So about that permanently pregnant cow of ours…

Because Charlotte was so much bigger than Emma had ever been, and Emma had delivered months ago and without us even knowing, we’d been watching Charlotte very closely for the last two months. I was determined not to miss this birth. Plus, I was concerned she might have twins. At first the idea of twins was exciting, but when I realized that twins would mean we wouldn’t get to milk her, I switched to fervently hoping it was a singleton. Not that I could do anything about it, of course. 

We checked her twice daily, and many days I made mid-day treks down to the field, just to make sure I wasn’t missing something. 

Things we were looking for:

Swollen backside
Softening pins
Bagging up
Less wrinkle-age in the teats
Ability to manually express milk
Lack of appetite

But day after day she was the same, same, freaking boring old same: enormous, and with a gradually filling bag and the hilarious, wide-stepping waddle to go with it.

And then, finally, on Saturday morning, there was a change. Instead of standing by the fence gazing forlornly up at the house waiting for The Man Who Brings Hay, Charlotte was hanging out way up in the field, so right away we knew something was up. Her pins didn’t look any different (they had been softening, but the dip wasn’t as dramatically visible as I thought it’d be), her teats were still wrinkly and bone dry, there was no discharge, and her bag and backside looked pretty much the same, but not eating was definitely different.

By mid-morning, she’d stationed herself down in the field and my younger daughter and I had joined her. She was up and then down, up and then down. The birth was obviously going to happen, so we alerted family members. 

My brother’s kids were at my parents’ place.  “Does [Grandson] have time to get a haircut?” my mom texted. 

“Maybe?” I replied, and then I texted my other brother’s family who was enroute to Virginia for Thanksgiving week, and then my mom and dad showed up with the kids (Grandson’s hair half-cut), and my older daughter arrived and then my daughter-in-law and before long, we had a small crowd, aka, A Birth (semi)Circle. 

The birth itself was uneventful.

The calf hung out in the sack until it hit the ground and burst open.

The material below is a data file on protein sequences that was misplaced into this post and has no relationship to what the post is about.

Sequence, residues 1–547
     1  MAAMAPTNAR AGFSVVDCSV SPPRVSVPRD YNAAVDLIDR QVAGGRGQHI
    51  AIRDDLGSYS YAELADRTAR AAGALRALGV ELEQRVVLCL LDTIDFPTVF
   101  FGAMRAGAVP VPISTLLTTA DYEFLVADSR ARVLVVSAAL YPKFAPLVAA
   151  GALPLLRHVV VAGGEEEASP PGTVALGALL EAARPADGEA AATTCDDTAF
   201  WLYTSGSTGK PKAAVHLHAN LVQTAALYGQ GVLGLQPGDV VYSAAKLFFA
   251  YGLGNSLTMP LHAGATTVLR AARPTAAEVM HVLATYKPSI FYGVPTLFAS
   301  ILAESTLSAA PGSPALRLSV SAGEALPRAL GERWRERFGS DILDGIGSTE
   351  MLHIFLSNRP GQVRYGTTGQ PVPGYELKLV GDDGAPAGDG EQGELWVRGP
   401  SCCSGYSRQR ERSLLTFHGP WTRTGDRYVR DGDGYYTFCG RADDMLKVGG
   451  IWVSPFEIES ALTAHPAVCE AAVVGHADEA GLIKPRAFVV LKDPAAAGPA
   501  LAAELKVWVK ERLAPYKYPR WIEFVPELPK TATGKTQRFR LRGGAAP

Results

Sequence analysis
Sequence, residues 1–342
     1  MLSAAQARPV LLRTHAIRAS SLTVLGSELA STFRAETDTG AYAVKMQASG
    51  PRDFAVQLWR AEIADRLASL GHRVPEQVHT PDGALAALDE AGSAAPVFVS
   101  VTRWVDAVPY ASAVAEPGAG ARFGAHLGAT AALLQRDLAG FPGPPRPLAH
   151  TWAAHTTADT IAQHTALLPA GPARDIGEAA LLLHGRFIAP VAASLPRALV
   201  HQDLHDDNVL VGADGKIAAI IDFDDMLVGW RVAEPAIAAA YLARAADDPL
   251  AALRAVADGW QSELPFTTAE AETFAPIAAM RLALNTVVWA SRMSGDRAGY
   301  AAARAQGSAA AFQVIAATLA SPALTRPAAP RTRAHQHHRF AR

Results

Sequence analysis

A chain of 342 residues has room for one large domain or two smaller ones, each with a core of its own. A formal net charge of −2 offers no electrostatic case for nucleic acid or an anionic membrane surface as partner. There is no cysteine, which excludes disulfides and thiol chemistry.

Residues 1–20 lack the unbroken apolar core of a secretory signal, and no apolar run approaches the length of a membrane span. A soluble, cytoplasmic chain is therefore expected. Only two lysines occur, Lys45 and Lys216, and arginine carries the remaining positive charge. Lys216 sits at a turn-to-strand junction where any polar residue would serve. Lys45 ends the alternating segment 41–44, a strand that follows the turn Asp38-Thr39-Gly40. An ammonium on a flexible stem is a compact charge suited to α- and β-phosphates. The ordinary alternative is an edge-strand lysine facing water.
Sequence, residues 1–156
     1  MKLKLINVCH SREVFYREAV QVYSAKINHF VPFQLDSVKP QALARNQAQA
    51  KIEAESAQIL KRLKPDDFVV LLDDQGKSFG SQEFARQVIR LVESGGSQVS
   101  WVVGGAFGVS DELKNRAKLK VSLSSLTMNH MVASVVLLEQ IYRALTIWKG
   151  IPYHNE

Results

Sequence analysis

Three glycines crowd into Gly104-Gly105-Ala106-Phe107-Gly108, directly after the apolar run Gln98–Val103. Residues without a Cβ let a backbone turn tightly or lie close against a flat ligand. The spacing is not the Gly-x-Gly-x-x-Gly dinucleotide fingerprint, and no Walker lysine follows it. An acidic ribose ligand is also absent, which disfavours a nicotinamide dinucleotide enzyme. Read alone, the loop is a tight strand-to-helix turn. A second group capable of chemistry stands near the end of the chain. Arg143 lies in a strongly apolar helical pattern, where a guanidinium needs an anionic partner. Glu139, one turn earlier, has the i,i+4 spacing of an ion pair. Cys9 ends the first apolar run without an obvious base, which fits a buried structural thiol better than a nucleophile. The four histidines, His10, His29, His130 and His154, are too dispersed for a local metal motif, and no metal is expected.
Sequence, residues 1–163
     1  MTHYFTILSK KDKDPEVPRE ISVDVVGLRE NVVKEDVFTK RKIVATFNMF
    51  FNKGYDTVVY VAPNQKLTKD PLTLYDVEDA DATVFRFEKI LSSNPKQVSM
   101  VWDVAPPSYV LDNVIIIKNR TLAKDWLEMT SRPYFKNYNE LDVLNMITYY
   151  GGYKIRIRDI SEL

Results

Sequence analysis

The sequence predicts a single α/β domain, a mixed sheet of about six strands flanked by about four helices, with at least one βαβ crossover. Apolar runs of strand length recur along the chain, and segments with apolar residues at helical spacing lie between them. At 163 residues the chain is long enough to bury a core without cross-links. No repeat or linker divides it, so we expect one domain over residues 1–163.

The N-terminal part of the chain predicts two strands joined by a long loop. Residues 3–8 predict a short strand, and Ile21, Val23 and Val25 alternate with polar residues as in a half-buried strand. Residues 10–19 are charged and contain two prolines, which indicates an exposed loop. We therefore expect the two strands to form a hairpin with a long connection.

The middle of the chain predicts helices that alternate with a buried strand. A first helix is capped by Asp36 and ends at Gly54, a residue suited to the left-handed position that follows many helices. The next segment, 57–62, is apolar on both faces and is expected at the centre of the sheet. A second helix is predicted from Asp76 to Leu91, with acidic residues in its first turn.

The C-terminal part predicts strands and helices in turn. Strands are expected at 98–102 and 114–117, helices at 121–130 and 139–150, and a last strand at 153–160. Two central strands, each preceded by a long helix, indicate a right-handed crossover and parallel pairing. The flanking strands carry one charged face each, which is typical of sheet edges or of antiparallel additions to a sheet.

Charlotte gobbled up the goopy stuff.

My other brother’s family arrived, and we watched for awhile as the calf, a gorgeous little heifer, struggled to stand and we debated whether or not Charlotte was going to pop out another calf.

For a few minutes we thought she might — she laid back down and appeared to push; just fluids came out — but then she got back up and went about the business of worrisomely trailing her calf who was busy making friends with the humans. 

calf’s first group selfies

From then on, things settled down. I considered naming the calf Grace since it was the start of Thanksgiving week (and then the name stuck). We didn’t see her nurse for the first 24 hours or so, but she was zipping around the field like she was jacked up on caffeine so we figured things were fine. 

For the last couple days, we’ve been milk training Charlotte and feeding the colostrum to the pigs.

She’s an easy-going cow but getting her into the shed is tricky. She hates the dark, enclosed space, and the door sill made her totally freak: she steps her front feet over and then she’ll freeze and, gingerly lifting one hind foot as high as possible, she’d hold it there, peddling the air, before lunching forward in a rush, and then she’d do the same with the other foot, a surprise move that makes us roar with laughter. 

She’s such a gentle cow, though. One evening when we couldn’t get her into the stall, my husband just free-stand milked her — in the shed but entirely unrestrained — with the machine and she just stood there

This morning my husband finally got the halter on Charlotte (the lack of a halter was more an operator error than a cow problem) and then we were able to muscle her into the stall. Once in, she just stood there, as placid as could be, and I actually cuddled her, cradling her whole head in my arms like she was a giant snuggly dog.

mustering her resolve

Happy Thanksgiving, friends! xoxo

This same time, years previous: 2022 garden stats and notes, pie!, curried Jamaican butternut soup, how to use up Thanksgiving leftovers in 10 easy steps, the new bestest ever, no two ways about it.


Leave a Comment